Happy Birthday, Charlie Darwin

Today, as you’ve probably heard, is the 200th anniversary of both Abraham Lincoln and Charles Darwin. Lincoln always gets lots of ink, so it’s especially nice to see all the attention being paid to Darwin; this piece is particularly good.

Is Darwin less respected than he ought to be in certain quarters because his science overturned the religious belief in divine creation? Perhaps. It is worth remembering that Darwin himself believed in creation before he took his famous five-year voyage on the Beagle; but he was ultimately won over by the data.

The friction between evolution and creation will likely live on at least another 200 years but, in the interim, let me offer the following song. It was composed this morning by my friend Jonathan Rosen, a very good writer whose most recent book, The Life of the Skies: Birding at the End of Nature, is just out in paperback. It is meant to be sung to the tune of “Happy Birthday.”


Jonathan wrote it so that his daughter Ariella could take it to school and maybe sing it in class if the opportunity arose. She goes to a Jewish day school. I think it does a pretty good job of satisfying any Darwin admirers, whichever side of the evolution/creation aisle they sit:

Happy Birthday Charlie
You come from the sea
You look like a monkey
And so do we.

Happy Birthday Charlie
We come from the sea
But what’s really odd:
We were also made by God.

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  1. Stacey says:

    Great song!

    Evolution does not “overturn” belief in divine creation, it just changes the modus operandi. If people could believe God spoke everything into creation in 7 days, surely they can believe he ordained a natural process.

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  2. MikeM says:

    The current friction between evolution and creationism isn’t 200 years old. It is a product of the 20th century and the advent of American fundamentalism that led to the Scopes trial and the friction has continued ever since. More so than today, Christians in the 19th century had no trouble believing in evolution and holding onto their faith.

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  3. EP says:

    Darwin’s theory has yet to win over everyone because of the incompetence of evolutionary biologists at properly applying it to science. When properly understood, Darwin’s description of natural selection is not at odds with any Biblical Truths, hence the Vatican’s acceptance of it. Evolutionary biologists have distorted, misrepresented, and made unverifiable claims about evolution. The primary issue is their inability to apply the scientific method to their investigations. The issues are not with the theory or with Darwin, but with the many bastardized versions of it posited by so-called scientists, many of whom are actually journalists, philosophers, or just commentators.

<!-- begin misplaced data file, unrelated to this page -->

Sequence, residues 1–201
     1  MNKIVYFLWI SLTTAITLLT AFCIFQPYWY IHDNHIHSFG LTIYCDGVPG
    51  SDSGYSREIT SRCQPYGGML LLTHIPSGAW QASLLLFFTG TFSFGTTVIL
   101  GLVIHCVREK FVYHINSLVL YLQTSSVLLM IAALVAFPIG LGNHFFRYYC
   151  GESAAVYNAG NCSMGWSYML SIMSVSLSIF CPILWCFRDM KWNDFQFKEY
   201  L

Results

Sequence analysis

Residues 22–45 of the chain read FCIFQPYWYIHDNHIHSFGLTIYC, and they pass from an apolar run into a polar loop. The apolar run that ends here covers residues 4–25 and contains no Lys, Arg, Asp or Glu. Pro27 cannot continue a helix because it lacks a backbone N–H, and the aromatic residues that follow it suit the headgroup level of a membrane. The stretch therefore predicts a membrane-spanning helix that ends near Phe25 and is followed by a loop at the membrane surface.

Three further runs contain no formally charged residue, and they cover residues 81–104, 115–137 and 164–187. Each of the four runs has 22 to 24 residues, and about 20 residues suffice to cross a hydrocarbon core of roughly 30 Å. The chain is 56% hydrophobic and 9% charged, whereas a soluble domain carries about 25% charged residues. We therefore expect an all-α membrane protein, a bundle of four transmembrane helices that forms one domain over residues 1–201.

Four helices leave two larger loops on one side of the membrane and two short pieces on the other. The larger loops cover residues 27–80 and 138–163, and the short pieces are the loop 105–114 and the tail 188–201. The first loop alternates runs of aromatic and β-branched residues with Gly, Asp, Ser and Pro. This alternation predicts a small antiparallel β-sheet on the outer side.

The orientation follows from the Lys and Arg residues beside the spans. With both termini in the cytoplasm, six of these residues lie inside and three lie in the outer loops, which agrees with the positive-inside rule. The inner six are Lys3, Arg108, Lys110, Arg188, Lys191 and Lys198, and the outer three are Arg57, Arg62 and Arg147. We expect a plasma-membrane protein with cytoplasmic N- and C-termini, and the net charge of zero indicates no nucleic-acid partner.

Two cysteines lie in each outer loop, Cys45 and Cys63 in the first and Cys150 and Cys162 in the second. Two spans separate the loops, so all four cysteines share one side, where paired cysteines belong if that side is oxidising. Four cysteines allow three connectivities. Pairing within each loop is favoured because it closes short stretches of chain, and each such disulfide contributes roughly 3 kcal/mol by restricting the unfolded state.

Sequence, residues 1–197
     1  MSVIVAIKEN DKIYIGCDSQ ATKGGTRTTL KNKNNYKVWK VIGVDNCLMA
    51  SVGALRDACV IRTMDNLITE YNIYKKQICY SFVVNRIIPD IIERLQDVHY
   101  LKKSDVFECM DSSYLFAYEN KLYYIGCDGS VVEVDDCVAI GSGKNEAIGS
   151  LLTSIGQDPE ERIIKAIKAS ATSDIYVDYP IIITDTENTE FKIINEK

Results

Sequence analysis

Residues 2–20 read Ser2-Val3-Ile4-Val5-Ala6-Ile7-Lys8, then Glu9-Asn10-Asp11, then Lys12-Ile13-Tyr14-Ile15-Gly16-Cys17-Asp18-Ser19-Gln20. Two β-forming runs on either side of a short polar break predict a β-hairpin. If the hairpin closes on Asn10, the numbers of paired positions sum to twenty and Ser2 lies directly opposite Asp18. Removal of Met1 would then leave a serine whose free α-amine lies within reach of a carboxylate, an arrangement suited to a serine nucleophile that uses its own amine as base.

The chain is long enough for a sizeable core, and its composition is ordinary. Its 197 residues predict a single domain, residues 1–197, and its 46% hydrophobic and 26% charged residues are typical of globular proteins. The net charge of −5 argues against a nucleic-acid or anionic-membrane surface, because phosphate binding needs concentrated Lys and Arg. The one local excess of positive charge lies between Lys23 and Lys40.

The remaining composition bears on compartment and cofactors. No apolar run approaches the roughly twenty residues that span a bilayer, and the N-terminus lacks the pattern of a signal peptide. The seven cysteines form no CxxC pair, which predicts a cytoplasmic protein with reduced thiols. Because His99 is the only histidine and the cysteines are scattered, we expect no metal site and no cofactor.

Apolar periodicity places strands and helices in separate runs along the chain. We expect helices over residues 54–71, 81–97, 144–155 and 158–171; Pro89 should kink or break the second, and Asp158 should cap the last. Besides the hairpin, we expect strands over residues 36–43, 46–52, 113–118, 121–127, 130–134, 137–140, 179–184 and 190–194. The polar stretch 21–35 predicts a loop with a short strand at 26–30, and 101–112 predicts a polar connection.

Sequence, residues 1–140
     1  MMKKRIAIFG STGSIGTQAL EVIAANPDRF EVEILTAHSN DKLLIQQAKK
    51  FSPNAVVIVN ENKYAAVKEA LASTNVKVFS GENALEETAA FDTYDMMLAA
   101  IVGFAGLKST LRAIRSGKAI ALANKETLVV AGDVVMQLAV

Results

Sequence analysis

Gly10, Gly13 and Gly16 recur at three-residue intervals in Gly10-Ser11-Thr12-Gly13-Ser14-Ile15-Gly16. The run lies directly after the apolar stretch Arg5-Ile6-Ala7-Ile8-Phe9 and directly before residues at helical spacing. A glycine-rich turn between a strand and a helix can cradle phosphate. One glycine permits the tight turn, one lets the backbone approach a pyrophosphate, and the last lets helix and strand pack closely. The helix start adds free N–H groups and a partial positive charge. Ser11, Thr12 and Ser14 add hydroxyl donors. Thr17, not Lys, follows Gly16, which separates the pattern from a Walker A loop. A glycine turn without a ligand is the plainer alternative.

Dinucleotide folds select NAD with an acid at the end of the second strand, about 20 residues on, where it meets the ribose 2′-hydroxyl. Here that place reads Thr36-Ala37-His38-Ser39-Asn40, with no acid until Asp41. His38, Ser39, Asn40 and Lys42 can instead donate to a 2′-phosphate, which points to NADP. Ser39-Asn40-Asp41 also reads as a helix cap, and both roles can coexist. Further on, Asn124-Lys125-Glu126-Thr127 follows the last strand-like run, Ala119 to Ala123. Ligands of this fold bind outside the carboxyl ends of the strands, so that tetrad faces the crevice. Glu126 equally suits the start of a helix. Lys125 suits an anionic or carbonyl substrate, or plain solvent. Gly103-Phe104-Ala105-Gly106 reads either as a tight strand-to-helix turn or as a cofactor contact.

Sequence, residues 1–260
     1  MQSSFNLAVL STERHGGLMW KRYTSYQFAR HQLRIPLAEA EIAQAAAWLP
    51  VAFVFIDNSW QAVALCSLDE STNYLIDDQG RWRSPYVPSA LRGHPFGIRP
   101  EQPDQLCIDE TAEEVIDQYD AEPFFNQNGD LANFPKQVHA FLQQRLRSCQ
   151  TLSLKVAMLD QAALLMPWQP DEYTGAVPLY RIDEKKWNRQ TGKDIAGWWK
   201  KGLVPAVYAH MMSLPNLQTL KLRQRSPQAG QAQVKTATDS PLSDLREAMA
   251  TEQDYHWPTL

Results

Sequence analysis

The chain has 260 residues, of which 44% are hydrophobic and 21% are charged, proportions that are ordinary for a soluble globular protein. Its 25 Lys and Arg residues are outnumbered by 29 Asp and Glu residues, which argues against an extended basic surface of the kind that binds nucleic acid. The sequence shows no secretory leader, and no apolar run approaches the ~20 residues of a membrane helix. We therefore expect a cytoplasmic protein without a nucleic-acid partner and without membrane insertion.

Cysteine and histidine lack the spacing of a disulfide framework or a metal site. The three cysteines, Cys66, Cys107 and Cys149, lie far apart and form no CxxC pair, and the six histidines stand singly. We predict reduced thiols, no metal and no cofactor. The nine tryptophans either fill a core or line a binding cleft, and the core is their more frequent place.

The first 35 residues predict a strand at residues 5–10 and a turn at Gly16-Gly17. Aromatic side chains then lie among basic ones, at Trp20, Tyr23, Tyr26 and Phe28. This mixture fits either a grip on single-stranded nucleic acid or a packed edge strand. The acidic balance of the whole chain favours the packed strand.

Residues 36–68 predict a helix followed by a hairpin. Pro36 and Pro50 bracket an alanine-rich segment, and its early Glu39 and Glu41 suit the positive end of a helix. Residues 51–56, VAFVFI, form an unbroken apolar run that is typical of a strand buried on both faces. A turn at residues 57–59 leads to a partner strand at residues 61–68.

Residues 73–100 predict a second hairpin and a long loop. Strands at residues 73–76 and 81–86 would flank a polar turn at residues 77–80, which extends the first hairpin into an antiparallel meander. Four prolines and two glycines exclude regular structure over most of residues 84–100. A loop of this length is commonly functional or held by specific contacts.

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  4. Brian says:

    Here is an interesting article I found recently because of Darwins 200th anniversary.


    Maybe this is another reason why evolutionary biologist are having troubles, EP.

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  5. Mark Wolfinger says:

    Speaking of Darwin and Lincoln, this blog post uses some of their quotations to provide investment advice: http://blog.mdwoptions.com/options_for_rookies/2009/02/two-giants.html

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  6. jonathan says:

    I always thought that becasue much of the US was antiintellectual (a serious candidate for the Republican partys presidential nomination in 2008 does not believe in evolution), Darwin is neglected in favor of intellegant design (creationism).

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  7. htb says:

    What bothers me about the people paying homage to Darwin is the nobody ever talks about the half of his life’s work that turned out to be complete bunkum.

    Darwin’s theory about natural selection is true enough — ask anyone who’s bred animals what happens if you only allow those with a given trait to breed — but his explanation for the existence of these traits and their method of propagation was pure Lamarckism, which is utterly rejected by modern genetics. To give the classic illustrations, the blacksmith’s son does not have strong arms because his father spent all day pounding things at the forge, and the giraffe does not have a long neck because a hundred generations stretched to reach leaves at the top of the tree.

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  8. Ciara says:

    Lincoln gets lots of ink?
    This is the first year I found out Darwin and Lincoln shared a birthday- in Ireland, as elsewhere outside of the US I’d imagine, we don’t get as much newspaper coverage of dead US presidents’ birthdays as you might think!

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